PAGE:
NOAA Hollings Students present Summer Research Projects

Eight undergraduate students from around the U.S. are presenting the results of their summer research projects this week as part of the NOAA Hollings Scholars program.  The prestigious opportunity is designed to help encourage students to pursue a future career in atmospheric science research.

Ten NSSL and NSSL/Cooperative Institute for Mesoscale Meteorological Studies researchers and four Storm Prediction Center forecasters have donated their time to mentor a student through the research process.  The scientists and students choose a project and end their experience with a formal presentation on their results.  Students are also treated to tours, field trips, and lectures.

2009 NOAA Hollings Scholars and projects:

Madison Burnett, University of Missouri

Mentors: Travis Smith, Valliappa Lakshmanan, Cooperative Institute for Mesoscale Meteorological Studies/National Severe Storms Laboratory

“Improvements to Cluster Identification and Tracking in a Circulation Detection Algorithm”

Elizabeth Thompson, Valparaiso University

Mentors: Ken Howard, NSSL and Katherine Willingham, CIMMS/NSSL “Characteristics of Microbursts in Central Arizona”

Darren Snively, Ohio University

Mentors: Richard Thompson, Jeremy Grams, Storm Prediction Center

“Synoptic Environments and Convective Modes Associated with Significant Tornadoes in the Contiguous United States – A Null Case Dataset”

Aaron “Ari” Preston, University of Michigan

Mentors: Don MacGorman, NSSL and Terry Schuur, CIMMS/NSSL

“Study of 3-D Total Lightning Activity Relative to Radar-Inferred Storm Parameters”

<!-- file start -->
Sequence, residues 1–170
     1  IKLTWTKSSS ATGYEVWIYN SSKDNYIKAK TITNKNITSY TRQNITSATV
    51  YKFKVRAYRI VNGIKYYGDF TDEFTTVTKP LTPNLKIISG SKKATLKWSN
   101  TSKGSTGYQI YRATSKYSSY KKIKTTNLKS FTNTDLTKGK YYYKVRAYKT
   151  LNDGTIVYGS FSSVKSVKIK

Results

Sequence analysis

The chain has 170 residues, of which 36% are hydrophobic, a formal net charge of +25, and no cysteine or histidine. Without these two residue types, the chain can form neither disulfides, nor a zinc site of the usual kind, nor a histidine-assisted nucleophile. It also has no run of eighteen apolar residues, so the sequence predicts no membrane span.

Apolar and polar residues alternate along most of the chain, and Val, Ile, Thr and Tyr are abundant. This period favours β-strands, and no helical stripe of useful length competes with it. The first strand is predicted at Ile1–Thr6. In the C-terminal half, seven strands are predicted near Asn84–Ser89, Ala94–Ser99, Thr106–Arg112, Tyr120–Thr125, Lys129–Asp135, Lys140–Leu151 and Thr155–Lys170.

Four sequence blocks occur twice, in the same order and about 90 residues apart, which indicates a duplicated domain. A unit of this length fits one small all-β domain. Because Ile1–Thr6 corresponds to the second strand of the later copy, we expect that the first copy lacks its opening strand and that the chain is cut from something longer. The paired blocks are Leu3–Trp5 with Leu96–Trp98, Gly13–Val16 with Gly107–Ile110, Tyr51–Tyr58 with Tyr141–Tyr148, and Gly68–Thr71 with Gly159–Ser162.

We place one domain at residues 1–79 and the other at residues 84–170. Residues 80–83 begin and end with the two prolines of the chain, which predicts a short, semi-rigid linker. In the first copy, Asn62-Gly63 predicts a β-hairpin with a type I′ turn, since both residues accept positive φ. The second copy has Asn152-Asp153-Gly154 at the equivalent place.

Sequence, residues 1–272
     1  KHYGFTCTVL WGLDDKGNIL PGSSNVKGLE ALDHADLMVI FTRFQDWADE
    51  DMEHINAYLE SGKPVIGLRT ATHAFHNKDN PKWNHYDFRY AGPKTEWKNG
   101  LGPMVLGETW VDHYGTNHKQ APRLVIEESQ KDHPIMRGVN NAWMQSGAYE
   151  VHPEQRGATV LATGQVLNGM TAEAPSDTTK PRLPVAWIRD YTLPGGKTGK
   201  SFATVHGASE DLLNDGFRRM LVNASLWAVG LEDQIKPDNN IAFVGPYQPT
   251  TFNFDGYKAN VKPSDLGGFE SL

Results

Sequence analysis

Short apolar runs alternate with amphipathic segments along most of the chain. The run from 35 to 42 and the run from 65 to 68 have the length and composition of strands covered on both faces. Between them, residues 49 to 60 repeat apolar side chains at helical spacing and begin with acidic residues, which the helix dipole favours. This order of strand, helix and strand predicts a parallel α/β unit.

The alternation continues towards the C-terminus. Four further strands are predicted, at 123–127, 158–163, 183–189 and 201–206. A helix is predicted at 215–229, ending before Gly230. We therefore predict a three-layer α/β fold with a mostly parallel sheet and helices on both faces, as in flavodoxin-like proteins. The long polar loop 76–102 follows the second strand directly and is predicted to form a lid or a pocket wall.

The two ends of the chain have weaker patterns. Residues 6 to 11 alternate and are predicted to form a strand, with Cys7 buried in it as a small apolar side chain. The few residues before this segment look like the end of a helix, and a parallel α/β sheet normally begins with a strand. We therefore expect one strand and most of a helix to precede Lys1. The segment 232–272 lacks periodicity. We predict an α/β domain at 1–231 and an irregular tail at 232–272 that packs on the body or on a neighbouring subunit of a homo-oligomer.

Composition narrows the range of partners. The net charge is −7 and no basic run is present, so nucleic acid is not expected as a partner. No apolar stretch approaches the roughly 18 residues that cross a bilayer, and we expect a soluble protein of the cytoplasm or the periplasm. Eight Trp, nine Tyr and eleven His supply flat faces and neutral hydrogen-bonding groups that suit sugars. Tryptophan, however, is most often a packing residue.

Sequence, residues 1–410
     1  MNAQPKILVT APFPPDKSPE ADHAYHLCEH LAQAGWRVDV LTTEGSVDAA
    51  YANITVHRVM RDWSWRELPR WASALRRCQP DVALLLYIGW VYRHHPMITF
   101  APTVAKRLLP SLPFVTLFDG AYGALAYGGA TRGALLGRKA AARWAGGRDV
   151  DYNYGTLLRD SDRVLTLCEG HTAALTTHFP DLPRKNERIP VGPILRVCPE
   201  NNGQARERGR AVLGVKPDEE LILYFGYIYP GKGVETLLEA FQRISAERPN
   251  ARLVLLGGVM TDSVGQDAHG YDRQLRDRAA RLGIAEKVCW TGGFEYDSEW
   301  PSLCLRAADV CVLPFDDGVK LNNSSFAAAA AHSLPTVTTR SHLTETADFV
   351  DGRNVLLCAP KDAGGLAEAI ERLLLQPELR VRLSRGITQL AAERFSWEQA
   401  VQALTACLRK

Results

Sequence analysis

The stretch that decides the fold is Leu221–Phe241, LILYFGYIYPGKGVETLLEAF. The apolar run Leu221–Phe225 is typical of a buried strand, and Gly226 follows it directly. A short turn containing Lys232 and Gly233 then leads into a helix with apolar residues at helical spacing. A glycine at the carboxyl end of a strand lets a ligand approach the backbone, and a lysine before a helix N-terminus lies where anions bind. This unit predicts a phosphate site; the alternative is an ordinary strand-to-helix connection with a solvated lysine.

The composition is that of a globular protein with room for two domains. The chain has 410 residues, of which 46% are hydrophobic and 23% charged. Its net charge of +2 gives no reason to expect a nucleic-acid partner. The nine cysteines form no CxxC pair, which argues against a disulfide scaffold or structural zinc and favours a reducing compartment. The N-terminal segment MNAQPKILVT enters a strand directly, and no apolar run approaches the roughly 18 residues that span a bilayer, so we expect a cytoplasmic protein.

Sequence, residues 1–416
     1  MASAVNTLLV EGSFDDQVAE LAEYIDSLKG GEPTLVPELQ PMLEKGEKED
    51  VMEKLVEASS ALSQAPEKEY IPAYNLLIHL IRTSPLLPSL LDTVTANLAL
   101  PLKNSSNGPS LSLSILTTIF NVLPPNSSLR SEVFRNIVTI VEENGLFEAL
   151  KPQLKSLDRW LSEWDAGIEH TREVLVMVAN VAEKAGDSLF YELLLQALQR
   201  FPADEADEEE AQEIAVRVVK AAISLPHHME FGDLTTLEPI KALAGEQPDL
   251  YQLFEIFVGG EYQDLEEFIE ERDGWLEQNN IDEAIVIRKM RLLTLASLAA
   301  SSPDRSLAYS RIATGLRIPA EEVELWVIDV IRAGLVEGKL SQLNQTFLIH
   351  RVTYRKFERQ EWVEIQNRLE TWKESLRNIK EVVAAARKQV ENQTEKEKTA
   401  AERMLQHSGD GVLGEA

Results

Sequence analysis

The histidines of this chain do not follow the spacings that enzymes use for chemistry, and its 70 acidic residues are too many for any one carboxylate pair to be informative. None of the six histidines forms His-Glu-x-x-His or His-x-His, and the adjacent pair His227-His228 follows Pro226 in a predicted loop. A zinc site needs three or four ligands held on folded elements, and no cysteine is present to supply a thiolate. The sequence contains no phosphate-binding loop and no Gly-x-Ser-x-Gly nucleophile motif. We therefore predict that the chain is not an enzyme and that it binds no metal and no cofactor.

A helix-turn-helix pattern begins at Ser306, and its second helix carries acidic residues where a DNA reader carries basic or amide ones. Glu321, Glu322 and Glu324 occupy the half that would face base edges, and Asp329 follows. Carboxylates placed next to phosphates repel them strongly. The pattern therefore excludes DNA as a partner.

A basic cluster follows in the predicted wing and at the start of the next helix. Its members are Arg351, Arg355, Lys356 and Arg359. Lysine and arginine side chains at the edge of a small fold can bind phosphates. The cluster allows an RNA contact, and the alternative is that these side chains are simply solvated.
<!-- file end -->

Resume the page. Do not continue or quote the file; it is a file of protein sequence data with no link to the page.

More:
Rockwell Schrock, University of Connecticut

Mentor: Daphne Thompson, CIMMS/NSSL

“Creating a Tornado Presentation for Science on a Sphere”

Tomas Castellanos, Cornell University

Mentors: Bryan Smith, David Imy, SPC

“A Surface Observing System Measured Severe Convective Wind Analysis, 2005-2008”

Douglas Crauder, Columbia University

Mentor: Kevin Manross, CIMMS/NSSL

“Examining Polarimetric ZDR Signatures on Isothermal Surfaces Relating to Severe Hail”

Preston Carter, University of Oklahoma

Mentors: Don MacGorman, Harold Brooks, NSSL

“Five Year Lightning Climatology using the Oklahoma Lightning Mapping Array”

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SHAVE: Experiment collects severe weather data through phone calls

Submitting a severe weather report to a local National Weather Service Forecast Office is voluntary.  These reports are archived and used for research, but are often incomplete. To fill in the missing pieces, students working for the National Severe Storms Laboratory are spending their summers making phone calls to the public affected by severe thunderstorms. Their job is to collect information on hail sizes, wind damage and flash flooding as part of the Severe Hazards Analysis and Verification Experiment (SHAVE).

NSSL/CIMMS scientists coordinating SHAVE target all types of storms to collect a diverse dataset.  The SHAVE project blends public reports with high-resolution radar data from NSSL’s Warning Decision Support System – Integrated Information and geographic information from Google Earth.  Their goal is to improve decision-making tools used by the NWS in the forecast and warning process. The collected data will also pave the way for improvements to the historical severe storms database.

The SHAVE database is also available in real-time to the NWS offices to augment their own storm spotter networks.  A NWS Warning Coordination Meteorologist commented about SHAVE’s impact in his office:  “The SHAVE project inspired some of us to utilize Google Earth in operations in real time to try and get real time reports, as well as a sense of the intensity of storms as they are happening.  As a result…severe thunderstorm warning [accuracy] increased from 49% to 60%”

SHAVE is part of the NOAA Hazardous Weather Testbed – Experimental Warning Program, and runs from mid-May through mid-August every year. This is the fourth year of operations.

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